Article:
We present extensive new photometry of the low mass X-ray binary (LMXB) X0614+091. Discovered in 1974, its X-ray properties have identified it as a member of the so-called Atoll sources. Atoll sources are thought to have main sequence mass donors and relatively short (< 8 hours) orbital periods. Early observations of the faint (V=18.5) optical counterpart revealed an unusual spectrum that only showed the NIII/CIII 4640/50 emission complex. LMXB spectra usually always also exhibit HeII 4686 emission. Previous variability searches detected a 5.2 day modulation in X-rays (Marshall & Millit 1981) and a ~10 day periodicity in the optical (Machin et al. 1990). If either one of these modulations reflects the orbital period, mass transfer via Roche lobe overflow would require a giant secondary, inconsistent with the observed optical properties of the source. An alternative cause for the variations is precession of the accretion disk in the system, though it is not clear how these two periods can be reconciled.
We obtained V band observations of X0614 with the queue scheduled YALO telescope at CTIO between UT 1999 Dec 10 and 2000 Jan 31 in order to confirm the reported ~10 day variability and search for an orbital period. Comparison with Rossi X-ray Timing Explorer (RXTE) All Sky Monitor (ASM) data reveals that some of the optical observations occurred during a rare state of decreased X-ray variability of the source. Comparison of optical observations from the periods of high and low X-ray variability shows several differences. First, optical variability increases during the period of high X-ray variability, with an increase in the amplitude of variability from 0.1 mag to 0.25 mag. In addition, this increased optical variability seems to be over longer time scales than during the X-ray constant period. Second, the average optical magnitude decreases during the period of high X-ray variability, while the average X-ray magnitude increases.
We used the CLEAN algorithm to remove the sampling window and search for periodicities. No convincing periodicities were found in the complete optical lightcurve. Due to the differences in optical variability during the high and low X-ray variability states the data was split into two sets for further analysis. For the low X-ray variability state a peak in the power spectrum occured at 1.06 days. For the high X-ray variability state the highest peak in the power spectrum occurs at 1.11 days. Figure 4 shows a strong periodicity at this peak. No evidence of a 5.2 day periodicity was found. While the complete data set does not show a 9.8 day periodicity, the optical lightcurve of just the high X-ray variability state folded on 9.8 days reveals a possible periodicity. No comparable (~10 day) periodicity was detected in the low X-ray variability state.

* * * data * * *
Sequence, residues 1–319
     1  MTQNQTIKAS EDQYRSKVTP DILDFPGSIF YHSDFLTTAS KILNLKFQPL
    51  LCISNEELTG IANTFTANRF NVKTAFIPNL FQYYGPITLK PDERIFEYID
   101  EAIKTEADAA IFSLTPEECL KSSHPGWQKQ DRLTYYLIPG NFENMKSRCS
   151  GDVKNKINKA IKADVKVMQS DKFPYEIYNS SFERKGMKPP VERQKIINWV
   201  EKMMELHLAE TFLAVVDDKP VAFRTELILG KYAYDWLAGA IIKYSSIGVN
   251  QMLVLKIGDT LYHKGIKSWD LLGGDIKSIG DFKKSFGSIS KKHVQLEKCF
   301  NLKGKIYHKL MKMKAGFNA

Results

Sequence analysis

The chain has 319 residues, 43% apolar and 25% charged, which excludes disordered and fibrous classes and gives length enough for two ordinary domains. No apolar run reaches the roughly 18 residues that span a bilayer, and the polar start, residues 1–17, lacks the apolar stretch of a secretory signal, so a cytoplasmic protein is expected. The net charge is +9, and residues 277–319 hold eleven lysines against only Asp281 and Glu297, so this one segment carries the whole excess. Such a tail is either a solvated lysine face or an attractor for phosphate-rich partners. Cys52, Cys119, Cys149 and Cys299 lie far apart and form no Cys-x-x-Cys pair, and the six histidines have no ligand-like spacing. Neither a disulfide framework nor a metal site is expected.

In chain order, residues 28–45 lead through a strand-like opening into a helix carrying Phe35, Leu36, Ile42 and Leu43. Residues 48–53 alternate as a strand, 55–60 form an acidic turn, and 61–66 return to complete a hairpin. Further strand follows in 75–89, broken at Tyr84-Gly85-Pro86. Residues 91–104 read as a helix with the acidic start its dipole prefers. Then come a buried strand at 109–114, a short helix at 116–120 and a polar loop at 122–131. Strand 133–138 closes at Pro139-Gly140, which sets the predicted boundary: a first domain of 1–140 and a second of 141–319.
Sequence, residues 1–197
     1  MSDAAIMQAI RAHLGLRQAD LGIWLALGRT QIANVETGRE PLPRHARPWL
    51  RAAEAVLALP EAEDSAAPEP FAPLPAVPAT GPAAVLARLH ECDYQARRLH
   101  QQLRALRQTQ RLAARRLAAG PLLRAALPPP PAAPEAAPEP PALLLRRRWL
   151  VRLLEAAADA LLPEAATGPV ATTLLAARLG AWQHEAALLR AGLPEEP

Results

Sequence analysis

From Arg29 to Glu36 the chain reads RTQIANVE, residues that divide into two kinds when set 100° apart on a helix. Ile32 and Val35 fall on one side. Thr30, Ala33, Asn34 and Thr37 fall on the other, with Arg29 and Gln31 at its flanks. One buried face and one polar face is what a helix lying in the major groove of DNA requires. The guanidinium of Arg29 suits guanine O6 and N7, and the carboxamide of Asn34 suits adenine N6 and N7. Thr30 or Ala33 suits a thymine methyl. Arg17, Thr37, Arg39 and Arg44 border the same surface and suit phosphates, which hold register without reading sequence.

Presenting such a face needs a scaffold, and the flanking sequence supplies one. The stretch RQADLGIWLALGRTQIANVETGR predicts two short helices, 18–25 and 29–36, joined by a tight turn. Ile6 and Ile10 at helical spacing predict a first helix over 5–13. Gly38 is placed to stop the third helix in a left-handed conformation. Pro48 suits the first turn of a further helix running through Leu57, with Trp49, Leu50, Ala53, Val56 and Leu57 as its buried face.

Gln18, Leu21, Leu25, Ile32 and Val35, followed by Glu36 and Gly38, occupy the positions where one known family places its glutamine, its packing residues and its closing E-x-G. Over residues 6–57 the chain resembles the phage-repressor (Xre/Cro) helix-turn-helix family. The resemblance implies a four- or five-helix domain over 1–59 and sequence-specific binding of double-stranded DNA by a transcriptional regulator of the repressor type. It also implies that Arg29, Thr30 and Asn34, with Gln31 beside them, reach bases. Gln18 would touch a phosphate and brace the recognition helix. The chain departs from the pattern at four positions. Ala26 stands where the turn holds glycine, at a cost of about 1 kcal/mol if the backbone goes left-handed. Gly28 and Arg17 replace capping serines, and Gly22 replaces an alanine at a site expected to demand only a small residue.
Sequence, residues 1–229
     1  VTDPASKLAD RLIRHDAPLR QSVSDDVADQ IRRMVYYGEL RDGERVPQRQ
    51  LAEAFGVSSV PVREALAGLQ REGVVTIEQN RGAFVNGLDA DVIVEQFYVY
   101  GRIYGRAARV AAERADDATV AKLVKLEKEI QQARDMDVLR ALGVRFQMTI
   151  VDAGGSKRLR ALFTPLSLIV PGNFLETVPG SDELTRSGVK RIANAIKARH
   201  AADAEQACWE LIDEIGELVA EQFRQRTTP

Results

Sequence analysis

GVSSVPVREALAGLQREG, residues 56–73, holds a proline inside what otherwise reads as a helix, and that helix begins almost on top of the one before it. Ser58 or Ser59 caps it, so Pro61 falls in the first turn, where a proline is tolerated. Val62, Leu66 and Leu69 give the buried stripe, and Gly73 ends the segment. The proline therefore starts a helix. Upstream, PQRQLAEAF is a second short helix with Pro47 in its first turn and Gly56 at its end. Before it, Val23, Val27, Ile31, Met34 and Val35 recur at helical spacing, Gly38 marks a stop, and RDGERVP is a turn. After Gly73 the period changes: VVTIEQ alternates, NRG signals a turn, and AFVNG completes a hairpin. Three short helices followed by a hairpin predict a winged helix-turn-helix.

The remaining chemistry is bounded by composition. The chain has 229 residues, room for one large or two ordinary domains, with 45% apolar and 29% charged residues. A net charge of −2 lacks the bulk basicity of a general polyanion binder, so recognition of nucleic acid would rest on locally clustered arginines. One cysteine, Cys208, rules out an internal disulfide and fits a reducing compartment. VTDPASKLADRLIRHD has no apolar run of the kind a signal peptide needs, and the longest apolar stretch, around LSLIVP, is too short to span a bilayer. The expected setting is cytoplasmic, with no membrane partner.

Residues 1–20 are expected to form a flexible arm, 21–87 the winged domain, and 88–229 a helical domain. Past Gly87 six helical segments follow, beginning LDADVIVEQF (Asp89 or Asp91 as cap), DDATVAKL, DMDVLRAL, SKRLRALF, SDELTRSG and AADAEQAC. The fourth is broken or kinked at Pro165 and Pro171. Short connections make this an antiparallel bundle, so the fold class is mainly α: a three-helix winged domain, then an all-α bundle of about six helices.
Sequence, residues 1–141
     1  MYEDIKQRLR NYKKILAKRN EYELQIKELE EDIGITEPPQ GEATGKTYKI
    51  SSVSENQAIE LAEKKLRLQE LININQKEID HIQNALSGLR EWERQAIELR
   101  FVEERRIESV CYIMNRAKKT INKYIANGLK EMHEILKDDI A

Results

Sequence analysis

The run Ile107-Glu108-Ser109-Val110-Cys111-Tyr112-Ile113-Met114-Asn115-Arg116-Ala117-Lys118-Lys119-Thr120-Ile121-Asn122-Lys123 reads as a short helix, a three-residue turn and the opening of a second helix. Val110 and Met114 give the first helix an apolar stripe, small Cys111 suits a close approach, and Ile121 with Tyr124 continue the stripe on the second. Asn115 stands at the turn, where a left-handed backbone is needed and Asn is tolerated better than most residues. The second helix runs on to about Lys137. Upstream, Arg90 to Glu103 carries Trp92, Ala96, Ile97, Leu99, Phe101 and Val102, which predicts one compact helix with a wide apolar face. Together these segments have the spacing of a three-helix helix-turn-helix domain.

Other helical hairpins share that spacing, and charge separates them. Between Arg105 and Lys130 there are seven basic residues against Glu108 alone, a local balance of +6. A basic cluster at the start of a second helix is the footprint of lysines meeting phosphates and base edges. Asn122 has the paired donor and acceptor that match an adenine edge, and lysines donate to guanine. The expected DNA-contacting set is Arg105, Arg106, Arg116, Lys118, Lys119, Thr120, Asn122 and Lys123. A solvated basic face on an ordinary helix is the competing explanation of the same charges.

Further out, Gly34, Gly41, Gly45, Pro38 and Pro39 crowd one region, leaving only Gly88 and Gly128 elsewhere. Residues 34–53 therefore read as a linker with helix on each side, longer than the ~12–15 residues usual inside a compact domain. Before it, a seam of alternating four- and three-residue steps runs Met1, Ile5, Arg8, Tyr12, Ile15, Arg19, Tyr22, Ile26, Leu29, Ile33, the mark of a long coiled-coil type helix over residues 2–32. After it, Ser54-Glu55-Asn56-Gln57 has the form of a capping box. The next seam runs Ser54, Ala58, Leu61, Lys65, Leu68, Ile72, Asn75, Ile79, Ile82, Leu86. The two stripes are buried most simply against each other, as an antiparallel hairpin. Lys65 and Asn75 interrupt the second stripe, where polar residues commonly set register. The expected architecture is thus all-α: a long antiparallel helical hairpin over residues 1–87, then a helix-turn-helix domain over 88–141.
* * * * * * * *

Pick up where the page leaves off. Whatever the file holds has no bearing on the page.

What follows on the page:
Figure 1: Optical (red circles) and X-ray (blue circles) lightcurve of X0614+091 showing anticorrelation of optical and X-ray brightness. A comparison star (black circles) is also plotted.
Figure 2: Optical (open circles) and X-ray (solid circles) lightcurve of X0614+091 showing rare state of decreased X-ray variability
Figure 3: Optical light curve of X0614+091 during decreased X-ray variability state, folded on a period of 1.06 days
Figure 4: Optical light curve of X0614+091 during increased X-ray variability state, folded on a period of 1.11 days.
Figure 5: Optical light curve of X0614+091 during increased X-ray variability state, folded on a period of 9.8 days.
RXTE ASM data provided by the ASM/RXTE teams at MIT and at the RXTE SOF and GOF at NASA's GSFC
Optical Counterparts of X-ray Sources in the Small Magellanic Cloud
Tanya Tavenner - University of Washington
We searched for optical counterparts to X-ray sources in the SMC. We looked at thirteen fields observed with the CTIO 1.5-m telescope for potential canidates. These fields were selected from a ROSAT survey of the SMC that found about 250 X-ray sources. These thirteen fields were chosen because of their weak, hard X-ray emissions, which might correspond to cataclysmic variables. These fields also had the smallest pointing errors from the X-ray satellite. Each field was observed in the optical UBVRI passbands.
A region approximately twice as large as the pointing error given by the satellite was studied in each field. Standard magnitudes were obtained for every star in this region, from the standard stars which were viewed each night of the run. These standard magnitudes were then used in a ``poor man's spectrum'' by graphing them against their central wavelength. Cataclysmic variables should appear brightest in the blue, but also have substantial red flux. All of the stars that are strongest in the blue are considered to be candidates for the X-ray source. In the future, these candidate stars will be re-observed in order to determine which one is producing the X-rays in each field.